“I’ve grown up around every level of criminal, from white-collar to petty thieves to full-blown lock-up, life-in-prison criminals,” he says. “A lot of people don’t want to be in criminal situations. Some of the best people I’ve ever met have been in the criminal element — they have dreams and they have hopes, but they’re in a bad position. What I loved so much was that [Youcef] doesn’t want to be in this life — he just wants a better life for his mom, which is so admirable.”
The disarming sweetness Rossi brings to Youcef is juxtaposed with the rattling, barely hid nervousness Plaza lends to Emily, who should navigate a number of horrifying conditions, from stealing a automobile to being assaulted by crooks in her condo, by no means as soon as permitting herself to lose her cool. Requested how she harnessed such a white-knuckle efficiency, Plaza says, “I think the nature of the production came into play,” an acknowledgment that “Emily the Criminal,” now streaming on Netflix, was filmed in simply three weeks. “Every day was really hard. We were in all the real locations — the actors that we had were so great that I felt transported. Craig Stark, a brilliant actor who breaks into my apartment, when I saw him, I immediately knew, ‘This is going to be a really long night for me, this is going to be tough, this feels really real.’ I allowed myself to just surrender to the circumstances.”
Just as stunning as Emily’s embrace of the legal life is her rising attraction to Youcef, who begins off as her prickly boss however quickly reveals his delicate facet. The characters’ palpable sexual chemistry appears to be a byproduct of the ribbing the actors gave one another of their preliminary Zoom assembly, however what provides spark is the query of whether or not Emily and Youcef’s courtship is definitely real love — or in the event that they’re simply two opportunists each longing to interrupt free of economic hardships.
“I’m such a romantic, I always want to root for the love story,” Plaza provides. “[What] was the most appealing thing about this movie is this unexpected love story. That’s why people go to the movies — they want to watch people fall in love. I think it was a real love story.”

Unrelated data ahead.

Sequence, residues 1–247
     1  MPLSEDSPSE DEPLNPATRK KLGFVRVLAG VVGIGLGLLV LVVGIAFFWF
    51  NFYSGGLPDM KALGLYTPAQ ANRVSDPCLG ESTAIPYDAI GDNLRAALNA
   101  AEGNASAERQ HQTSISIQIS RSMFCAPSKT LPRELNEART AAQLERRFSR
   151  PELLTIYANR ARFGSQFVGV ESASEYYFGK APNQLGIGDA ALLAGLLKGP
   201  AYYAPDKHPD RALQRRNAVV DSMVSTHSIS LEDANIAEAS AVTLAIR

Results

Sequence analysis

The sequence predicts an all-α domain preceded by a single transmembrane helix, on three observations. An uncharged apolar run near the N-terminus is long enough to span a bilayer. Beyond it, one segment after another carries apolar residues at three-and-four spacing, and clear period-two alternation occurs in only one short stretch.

Rossi doesn’t solely agree. “It’s a complicated thing,” he replies. “Some people who are married for 30 years, there’s something they need from each other. And I think that there is a need that [Emily and Youcef] had for each other. I think that she represented hope for him — she really is the leader of that relationship; she’s his cheerleader. I’m a deep romantic at heart, and I think he just absolutely loved her. But I also think she’s a survivalist.”
The paradox of their romance — and the film’s refusal to resolve itself tidily — is emblematic of a bygone age of risk-taking American cinema, one which Plaza and Rossi clearly adore, contemplating how admiringly they focus on John Cassavetes and the New Hollywood period. Appropriately for a movie that includes characters preventing to seek out one thing lasting in a world that appears to have little room for them, the actors who introduced Emily and Youcef to life need to make a mark in an trade that’s systematically squeezing out sensible, low-budget motion pictures like theirs.
“I mean, that’s what I love about [‘Emily the Criminal’]: It feels old-school,” Plaza says. “Not to brag, but I was just talking to Kevin Bacon. I’m not going to put words in his mouth, but he loved the movie, and we were nerding out about it. He was saying, ‘Yeah, it reminds me of movies from the ‘70s and how movies used to feel.’ You’re dropped into a really interesting character’s world and you just spend some time with them. Movies used to be like that — there’s not a lot of original stories like that anymore.”